Agenda item

Healthy Leeds Plan Refresh

To receive a report from the Head of Democratic Services which presents an update from the ICB Accountable Officer (Leeds Place) on the refreshed Healthy Leeds Plan.


The Head of Democratic Services submitted a report which presented an update from the ICB Accountable Officer (Leeds Place) on the refreshed Healthy Leeds Plan.


The following were in attendance:

  • Councillor Salma Arif, Executive Member for Adults Social Care, Public Health and Active Lifestyles
  • Caroline Baria, Interim Director of Adults and Health
  • Victoria Eaton, Director of Public Health
  • Tony Cooke, Chief Officer Health Partnerships
  • Catherine Sunter, Head of Population Health Planning, Leeds ICB
  • Jo Howard, Population Health Outcomes Development Lead, Leeds ICB


The Head of Population Health Planning and Population Health Outcomes Development Lead presented the report and outlined the following information:

  • The plan outlined the Health and Care contribution towards delivery of the Health and Wellbeing Strategy, achieving the ambition that Leeds will be a caring city for people of all ages, where people who are the poorest improve their health the fastest.
  • The plan was ambitious to improve health goals in line with the system commitments to population needs. This was different from traditional approaches that focus on primary care and point of access.
  • There are 9 exclusive segments of population and life stages that will be targeted by the plan, which are children and young people, healthy adults, maternity, long term conditions, cancer, severe mental illness, learning disabilities and neurodiversity, frailty and end of life.
  • The draft plan set out within the agenda pack had been considered by the Leeds Committee of the West Yorkshire ICB on 5th July 20203 and due to be considered by the Leeds Health and Wellbeing Board during its meeting on 20thJuly 2023.
  • Comments from the Scrutiny Board, ICB and Health and Wellbeing Board were to be incorporated into the plan.
  • The Healthy Leeds Plan consultation had engaged with the public and shaped shared system goals and expected outcomes.
  • It was noted that there were too many goals in the original Healthy Leeds Plan and the 2023 plan will be comprised of 2 system goals ‘reduce preventable, unplanned care utilisation across health settings’ and ‘increase early identification and intervention’.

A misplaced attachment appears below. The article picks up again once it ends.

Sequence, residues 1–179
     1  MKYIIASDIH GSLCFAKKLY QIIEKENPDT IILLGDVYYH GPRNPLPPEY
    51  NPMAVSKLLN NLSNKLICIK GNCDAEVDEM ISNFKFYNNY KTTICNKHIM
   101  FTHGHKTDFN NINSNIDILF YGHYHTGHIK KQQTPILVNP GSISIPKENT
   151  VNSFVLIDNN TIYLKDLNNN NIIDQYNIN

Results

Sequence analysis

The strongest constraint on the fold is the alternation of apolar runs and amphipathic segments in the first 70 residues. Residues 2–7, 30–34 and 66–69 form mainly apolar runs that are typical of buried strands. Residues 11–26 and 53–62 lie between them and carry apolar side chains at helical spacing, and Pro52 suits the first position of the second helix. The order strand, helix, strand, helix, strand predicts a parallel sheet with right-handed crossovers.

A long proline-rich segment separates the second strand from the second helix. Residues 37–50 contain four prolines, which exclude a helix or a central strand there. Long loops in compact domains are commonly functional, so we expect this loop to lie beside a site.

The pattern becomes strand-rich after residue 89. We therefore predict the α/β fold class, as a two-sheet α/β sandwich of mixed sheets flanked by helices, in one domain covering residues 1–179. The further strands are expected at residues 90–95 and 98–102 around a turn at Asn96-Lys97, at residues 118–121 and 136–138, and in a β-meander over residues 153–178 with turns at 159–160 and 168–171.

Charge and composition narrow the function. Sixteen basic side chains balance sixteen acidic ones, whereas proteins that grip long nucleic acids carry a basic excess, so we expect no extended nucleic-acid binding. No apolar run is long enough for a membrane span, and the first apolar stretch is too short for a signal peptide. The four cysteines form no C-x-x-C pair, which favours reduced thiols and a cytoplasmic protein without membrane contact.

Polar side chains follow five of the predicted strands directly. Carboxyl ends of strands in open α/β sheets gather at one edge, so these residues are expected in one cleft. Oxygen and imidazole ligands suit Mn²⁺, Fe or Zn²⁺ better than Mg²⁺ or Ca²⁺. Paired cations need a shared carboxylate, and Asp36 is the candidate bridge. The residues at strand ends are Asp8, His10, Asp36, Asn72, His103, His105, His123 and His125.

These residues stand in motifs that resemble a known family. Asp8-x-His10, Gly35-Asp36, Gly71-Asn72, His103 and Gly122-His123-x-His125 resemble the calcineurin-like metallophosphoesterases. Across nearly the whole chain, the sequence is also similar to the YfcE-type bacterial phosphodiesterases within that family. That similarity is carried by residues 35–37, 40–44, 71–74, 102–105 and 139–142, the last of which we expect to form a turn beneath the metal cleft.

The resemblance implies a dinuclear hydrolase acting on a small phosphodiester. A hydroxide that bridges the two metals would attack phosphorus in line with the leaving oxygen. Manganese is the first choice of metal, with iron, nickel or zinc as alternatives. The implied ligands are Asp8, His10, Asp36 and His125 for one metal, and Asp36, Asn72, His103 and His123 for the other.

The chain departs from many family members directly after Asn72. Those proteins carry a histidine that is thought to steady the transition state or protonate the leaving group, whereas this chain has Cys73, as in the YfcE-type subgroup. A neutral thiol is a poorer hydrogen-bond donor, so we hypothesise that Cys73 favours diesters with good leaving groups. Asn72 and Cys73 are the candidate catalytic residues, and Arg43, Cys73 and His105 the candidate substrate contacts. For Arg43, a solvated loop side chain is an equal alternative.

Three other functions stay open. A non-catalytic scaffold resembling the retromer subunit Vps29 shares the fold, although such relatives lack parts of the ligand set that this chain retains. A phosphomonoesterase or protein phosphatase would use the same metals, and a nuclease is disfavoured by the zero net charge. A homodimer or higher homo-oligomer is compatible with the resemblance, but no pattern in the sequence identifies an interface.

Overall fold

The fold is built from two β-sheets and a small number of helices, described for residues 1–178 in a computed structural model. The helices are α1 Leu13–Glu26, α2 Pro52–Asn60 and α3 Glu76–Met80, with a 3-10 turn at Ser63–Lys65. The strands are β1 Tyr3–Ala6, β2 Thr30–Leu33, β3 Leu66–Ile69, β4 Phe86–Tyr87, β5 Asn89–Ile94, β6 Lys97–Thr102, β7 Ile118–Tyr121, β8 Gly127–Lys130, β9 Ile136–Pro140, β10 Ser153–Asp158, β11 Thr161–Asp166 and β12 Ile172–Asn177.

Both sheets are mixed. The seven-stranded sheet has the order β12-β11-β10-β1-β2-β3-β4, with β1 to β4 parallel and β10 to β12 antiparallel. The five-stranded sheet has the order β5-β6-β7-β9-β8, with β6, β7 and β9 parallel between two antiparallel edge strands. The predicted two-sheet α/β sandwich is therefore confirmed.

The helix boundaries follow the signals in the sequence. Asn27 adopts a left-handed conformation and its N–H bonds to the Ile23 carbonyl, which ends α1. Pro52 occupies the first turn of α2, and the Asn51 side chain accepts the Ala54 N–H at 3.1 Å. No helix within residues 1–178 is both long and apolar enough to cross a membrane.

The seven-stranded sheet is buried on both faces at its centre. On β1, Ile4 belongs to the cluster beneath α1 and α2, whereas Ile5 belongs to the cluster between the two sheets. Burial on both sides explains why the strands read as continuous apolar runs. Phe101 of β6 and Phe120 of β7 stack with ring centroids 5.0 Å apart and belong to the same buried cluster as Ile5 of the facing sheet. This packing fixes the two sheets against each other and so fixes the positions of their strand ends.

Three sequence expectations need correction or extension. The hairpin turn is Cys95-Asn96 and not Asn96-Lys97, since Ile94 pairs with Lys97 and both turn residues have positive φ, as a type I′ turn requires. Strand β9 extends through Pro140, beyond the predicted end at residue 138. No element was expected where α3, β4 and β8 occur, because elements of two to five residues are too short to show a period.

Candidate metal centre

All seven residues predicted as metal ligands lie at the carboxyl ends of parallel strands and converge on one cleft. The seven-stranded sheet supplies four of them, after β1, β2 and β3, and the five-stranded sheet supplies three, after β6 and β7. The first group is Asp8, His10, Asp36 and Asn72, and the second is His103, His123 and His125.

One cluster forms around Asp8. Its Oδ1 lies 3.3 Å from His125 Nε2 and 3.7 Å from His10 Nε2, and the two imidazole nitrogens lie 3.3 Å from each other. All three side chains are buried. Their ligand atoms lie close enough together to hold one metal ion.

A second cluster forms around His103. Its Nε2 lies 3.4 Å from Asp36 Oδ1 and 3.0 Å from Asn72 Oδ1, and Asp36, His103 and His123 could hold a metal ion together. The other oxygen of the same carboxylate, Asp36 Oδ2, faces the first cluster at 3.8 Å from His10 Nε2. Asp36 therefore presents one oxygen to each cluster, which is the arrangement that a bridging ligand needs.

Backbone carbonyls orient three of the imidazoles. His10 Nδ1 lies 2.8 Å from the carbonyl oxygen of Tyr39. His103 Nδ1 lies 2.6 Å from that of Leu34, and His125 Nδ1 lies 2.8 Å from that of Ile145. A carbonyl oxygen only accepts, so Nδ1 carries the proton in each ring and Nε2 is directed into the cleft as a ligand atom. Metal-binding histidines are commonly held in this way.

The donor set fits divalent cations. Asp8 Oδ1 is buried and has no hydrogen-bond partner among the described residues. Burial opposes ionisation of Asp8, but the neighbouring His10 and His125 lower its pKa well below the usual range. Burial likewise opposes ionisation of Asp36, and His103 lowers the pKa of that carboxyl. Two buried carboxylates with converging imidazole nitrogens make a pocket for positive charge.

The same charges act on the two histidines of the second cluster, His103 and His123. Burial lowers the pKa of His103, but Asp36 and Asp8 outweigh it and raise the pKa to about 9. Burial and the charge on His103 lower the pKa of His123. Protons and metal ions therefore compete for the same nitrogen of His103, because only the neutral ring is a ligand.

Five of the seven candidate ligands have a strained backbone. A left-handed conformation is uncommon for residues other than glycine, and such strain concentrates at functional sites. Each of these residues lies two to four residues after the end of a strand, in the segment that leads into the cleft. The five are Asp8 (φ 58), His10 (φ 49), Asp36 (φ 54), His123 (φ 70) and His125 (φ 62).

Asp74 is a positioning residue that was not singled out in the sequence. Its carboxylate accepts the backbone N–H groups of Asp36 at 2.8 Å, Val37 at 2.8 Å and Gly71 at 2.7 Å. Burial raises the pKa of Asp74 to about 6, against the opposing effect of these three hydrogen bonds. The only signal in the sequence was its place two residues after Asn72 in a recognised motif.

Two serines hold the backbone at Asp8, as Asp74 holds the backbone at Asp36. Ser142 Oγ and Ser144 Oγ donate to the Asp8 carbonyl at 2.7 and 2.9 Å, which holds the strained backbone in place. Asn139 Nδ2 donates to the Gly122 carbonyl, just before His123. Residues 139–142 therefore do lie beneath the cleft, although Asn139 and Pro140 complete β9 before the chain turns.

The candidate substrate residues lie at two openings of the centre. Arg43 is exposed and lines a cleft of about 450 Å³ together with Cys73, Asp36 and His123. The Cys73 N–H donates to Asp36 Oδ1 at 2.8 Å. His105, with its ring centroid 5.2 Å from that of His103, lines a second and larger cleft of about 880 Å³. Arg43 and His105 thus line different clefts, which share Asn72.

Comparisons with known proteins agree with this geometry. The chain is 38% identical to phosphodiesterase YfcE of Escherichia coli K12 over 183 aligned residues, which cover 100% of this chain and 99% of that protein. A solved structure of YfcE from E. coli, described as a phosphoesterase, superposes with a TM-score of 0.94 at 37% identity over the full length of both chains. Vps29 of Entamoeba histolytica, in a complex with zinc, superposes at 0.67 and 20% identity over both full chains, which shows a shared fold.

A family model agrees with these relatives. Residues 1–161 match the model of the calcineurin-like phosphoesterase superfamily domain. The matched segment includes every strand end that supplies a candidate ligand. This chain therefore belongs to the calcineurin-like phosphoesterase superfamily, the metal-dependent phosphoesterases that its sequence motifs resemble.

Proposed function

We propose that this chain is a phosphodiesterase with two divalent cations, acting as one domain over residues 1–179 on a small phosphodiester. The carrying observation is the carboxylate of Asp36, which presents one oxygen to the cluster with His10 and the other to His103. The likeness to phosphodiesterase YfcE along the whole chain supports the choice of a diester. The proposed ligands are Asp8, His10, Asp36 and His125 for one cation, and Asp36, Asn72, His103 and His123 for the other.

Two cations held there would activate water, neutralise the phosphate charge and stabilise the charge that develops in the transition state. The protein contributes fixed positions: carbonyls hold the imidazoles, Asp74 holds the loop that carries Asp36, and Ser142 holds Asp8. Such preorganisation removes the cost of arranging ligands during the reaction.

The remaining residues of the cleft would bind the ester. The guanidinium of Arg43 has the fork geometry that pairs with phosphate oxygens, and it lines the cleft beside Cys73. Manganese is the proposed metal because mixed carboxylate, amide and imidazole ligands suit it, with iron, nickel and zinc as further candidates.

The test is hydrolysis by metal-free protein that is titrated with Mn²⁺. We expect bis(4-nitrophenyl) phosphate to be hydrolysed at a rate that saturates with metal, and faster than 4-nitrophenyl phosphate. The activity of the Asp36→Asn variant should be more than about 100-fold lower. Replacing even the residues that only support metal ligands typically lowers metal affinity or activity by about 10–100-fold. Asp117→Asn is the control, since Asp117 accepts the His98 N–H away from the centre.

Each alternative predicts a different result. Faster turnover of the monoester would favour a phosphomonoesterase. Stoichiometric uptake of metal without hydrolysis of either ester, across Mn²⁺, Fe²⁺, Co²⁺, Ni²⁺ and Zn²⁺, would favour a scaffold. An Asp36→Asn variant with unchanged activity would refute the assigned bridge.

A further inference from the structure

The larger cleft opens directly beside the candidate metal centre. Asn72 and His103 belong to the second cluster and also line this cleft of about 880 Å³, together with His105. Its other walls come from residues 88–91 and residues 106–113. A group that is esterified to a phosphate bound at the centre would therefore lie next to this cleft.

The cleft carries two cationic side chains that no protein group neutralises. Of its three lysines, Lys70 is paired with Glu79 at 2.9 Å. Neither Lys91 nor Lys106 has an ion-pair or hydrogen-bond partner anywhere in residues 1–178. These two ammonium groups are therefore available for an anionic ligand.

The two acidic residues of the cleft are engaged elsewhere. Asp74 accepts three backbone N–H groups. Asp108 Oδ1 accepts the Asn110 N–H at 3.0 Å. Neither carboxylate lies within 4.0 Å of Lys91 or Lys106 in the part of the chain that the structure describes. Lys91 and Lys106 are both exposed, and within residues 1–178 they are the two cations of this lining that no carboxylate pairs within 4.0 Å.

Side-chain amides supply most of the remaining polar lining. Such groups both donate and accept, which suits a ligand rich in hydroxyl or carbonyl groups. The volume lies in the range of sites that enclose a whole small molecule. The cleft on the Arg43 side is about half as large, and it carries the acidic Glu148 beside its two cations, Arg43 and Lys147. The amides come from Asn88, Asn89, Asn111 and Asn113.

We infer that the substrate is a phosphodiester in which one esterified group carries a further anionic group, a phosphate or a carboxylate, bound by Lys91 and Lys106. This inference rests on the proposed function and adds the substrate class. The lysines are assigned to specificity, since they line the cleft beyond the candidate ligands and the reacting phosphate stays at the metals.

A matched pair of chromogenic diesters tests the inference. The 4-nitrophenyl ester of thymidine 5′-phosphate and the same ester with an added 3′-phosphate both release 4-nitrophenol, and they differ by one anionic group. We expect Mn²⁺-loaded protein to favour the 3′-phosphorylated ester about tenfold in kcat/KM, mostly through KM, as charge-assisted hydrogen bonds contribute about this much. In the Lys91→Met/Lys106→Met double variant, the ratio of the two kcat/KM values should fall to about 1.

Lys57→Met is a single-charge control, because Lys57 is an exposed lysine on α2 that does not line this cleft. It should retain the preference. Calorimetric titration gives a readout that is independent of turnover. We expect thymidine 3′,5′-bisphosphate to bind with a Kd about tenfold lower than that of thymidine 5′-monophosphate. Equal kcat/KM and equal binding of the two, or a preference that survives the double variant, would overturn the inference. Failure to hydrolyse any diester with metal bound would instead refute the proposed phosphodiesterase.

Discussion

• The plan had taken inspiration from the New York Staten Island system with reduced goals, effective planning and realistic implementation.
  • The goals were deemed reflective of the financial climate.
  • The broader purpose and next steps of the plan were to contribute to the West Yorkshire Joint Forward Plan and influence local plans to meet regional and national goals. At a West Yorkshire ICB level the Leeds Place plan is unique in terms of its focus on populations which is in line with the Leeds system operating model.
  • The small scope of goals gave greater ability for tracking and the actions being undertaken as a system to address the goals will remain under review as part of an annual refresh of the plan.
  • All system partners have a role in achieving these system goals.  A small number of priority data-led initiatives will be identified.  These will in general be delivered through existing governance infrastructure – the relevant Population or Care Delivery Board and Local Care Partnership.
  • The progress for goal 1 ‘reduce preventable, unplanned care utilisation across health settings’ will be robustly monitored with target reductions.
  • Goal 2 to ‘increase early identification and intervention’ will be informed via goal 1 data.
  • Indices of Multiple Deprivation (IMD) 1 to 10 had been used to determine levels of deprivation for areas across Leeds to identify needs of specific communities.
  • Once finalised and published, there will also be an easy-to-read version made available and this will be published at the same time.